Updated: Nov. 18, 2015
This study aims to examine the development of an unintended mentoring relationship between researchers and participants during a longitudinal, qualitative study. It highlights the opportunity for teacher preparation to serve as a bridge to close the gap in learning between the relatively theoretical world of teacher preparation and practical world of classroom teaching. Two larger themes emerged from the findings: (1) the importance of trust in supporting beginning teachers; and (2) the researcher as a bridge between learning and teaching.
Updated: Sep. 10, 2015
Exploring Australian Pre-service Teachers Sense of Efficacy, Its Sources, and Some Possible Influences
This study examined the sense of efficacy of final-year Australian pre-service primary teachers and the sources of information that contributed to it. The findings revealed that these beginning teachers have a healthy sense of efficacy for teaching as they begin their professional lives, with the majority feeling they can influence the education of their students quite a bit. Furthermore, the results suggest that respondents did not make any differentiation between classroom management, instruction or student engagement tasks. Finally, the pre-service teachers appeared to use four distinct sources of information when assessing their sense of efficacy in classroom behaviour management: enactive mastery experiences/verbal persuasion, personal qualities, vicarious experiences and physiological and affective states.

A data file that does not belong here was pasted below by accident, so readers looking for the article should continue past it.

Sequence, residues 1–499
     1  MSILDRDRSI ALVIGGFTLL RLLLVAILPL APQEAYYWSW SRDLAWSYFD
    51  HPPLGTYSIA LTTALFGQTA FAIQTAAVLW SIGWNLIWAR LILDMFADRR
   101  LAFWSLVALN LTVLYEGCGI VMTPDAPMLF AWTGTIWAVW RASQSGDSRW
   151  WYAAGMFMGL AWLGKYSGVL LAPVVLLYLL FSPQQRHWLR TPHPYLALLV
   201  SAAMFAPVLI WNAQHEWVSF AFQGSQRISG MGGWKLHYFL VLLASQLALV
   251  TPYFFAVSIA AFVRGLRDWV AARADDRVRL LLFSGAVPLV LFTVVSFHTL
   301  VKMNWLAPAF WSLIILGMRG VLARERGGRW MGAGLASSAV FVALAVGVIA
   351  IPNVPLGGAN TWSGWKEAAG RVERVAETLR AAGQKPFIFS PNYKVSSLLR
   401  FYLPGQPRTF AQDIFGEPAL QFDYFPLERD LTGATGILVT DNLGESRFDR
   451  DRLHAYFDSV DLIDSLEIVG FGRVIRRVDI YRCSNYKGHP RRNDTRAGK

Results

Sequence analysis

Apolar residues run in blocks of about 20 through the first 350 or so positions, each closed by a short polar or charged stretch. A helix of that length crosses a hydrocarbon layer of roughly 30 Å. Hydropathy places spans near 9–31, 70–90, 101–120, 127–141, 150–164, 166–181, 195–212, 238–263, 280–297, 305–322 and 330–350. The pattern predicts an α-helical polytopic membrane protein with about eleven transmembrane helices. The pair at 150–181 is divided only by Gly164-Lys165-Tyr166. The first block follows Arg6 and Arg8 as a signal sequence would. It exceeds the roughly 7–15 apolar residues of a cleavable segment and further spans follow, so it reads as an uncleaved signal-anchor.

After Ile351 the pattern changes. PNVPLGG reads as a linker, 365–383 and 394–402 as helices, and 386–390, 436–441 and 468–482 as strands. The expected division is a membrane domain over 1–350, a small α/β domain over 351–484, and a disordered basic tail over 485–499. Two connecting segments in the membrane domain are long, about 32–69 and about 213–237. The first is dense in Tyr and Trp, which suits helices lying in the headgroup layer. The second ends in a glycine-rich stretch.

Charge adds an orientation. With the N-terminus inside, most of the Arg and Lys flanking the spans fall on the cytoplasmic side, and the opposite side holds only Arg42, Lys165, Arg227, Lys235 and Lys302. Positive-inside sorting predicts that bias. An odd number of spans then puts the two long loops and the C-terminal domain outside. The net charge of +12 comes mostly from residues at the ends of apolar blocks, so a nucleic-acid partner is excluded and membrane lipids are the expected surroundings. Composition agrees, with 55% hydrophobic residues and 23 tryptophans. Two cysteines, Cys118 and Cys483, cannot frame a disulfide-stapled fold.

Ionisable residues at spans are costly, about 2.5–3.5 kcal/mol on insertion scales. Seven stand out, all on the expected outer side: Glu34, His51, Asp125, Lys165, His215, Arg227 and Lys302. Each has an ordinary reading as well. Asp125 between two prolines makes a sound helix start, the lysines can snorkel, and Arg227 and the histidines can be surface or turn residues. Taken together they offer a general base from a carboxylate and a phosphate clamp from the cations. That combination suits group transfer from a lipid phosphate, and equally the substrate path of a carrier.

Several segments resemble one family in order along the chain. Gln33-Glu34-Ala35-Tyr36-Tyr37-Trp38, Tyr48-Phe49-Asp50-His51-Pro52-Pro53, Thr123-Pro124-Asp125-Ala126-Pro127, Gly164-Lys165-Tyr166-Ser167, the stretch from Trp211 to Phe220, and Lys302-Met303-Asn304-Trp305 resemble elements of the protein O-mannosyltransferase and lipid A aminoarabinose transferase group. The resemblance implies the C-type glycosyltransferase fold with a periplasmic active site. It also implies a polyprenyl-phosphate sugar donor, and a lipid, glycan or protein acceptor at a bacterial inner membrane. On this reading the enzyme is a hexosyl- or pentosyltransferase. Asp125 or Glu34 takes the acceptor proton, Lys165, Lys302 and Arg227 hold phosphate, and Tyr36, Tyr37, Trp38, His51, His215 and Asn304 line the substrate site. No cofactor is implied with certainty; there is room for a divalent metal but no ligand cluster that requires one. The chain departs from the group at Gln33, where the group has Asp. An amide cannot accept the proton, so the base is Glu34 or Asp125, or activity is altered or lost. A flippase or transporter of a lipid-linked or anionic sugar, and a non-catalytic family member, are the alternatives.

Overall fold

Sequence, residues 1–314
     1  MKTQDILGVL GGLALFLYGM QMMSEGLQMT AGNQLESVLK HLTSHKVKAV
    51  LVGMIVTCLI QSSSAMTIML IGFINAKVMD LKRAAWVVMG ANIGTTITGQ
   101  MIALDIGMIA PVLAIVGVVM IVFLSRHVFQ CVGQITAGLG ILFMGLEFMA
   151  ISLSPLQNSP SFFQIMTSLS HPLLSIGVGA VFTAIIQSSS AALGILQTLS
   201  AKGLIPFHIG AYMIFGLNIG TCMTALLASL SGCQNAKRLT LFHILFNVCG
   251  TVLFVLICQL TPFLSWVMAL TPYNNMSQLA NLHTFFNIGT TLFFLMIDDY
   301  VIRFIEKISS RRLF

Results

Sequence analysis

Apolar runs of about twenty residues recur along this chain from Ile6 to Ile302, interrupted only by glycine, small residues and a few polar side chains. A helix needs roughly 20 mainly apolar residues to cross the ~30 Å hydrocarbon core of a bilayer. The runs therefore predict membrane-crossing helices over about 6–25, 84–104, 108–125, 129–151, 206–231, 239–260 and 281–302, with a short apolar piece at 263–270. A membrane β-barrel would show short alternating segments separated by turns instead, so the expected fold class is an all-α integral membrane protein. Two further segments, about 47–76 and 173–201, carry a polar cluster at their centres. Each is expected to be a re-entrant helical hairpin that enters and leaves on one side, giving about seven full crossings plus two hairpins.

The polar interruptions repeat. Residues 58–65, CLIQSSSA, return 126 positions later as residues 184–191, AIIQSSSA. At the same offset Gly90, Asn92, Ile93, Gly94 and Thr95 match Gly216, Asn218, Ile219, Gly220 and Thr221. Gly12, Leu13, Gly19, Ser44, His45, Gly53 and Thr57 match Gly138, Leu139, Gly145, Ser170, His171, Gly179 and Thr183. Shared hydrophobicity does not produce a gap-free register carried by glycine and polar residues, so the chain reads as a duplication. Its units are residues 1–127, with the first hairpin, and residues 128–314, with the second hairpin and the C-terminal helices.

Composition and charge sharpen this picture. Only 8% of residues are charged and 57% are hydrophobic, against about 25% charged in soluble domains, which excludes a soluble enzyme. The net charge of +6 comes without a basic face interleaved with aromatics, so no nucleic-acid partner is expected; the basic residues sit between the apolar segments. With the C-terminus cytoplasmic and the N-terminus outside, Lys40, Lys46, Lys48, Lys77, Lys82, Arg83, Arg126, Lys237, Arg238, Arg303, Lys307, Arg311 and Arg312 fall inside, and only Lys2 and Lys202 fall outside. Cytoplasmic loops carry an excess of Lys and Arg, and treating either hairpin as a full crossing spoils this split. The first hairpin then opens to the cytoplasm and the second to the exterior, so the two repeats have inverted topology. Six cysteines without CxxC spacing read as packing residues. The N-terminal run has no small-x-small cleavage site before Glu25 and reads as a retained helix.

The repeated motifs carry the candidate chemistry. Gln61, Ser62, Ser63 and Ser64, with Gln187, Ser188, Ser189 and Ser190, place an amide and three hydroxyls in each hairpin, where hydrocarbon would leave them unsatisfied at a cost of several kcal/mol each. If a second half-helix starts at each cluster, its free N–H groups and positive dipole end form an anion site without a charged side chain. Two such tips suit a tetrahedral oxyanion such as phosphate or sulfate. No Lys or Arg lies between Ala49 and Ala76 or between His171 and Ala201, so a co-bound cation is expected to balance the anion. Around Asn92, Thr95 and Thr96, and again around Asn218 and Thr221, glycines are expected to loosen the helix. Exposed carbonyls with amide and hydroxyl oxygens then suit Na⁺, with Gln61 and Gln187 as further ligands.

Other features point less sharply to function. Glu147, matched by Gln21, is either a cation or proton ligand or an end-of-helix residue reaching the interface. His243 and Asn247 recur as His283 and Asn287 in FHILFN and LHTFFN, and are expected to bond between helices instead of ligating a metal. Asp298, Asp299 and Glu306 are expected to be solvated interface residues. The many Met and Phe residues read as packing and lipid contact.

Updated: Aug. 05, 2015
Novice Mathematics Teachers’ Use of Technology to Enhance Student Engagement, Questioning, Generalization, and Conceptual Understanding
This study aimed to describe how and why novice mathematics teachers incorporated technology-generated representations in their instruction. The findings indicated that the teachers used representations in their planning and instruction to help promote student engagement to facilitate their learning of mathematics.
Updated: Aug. 03, 2015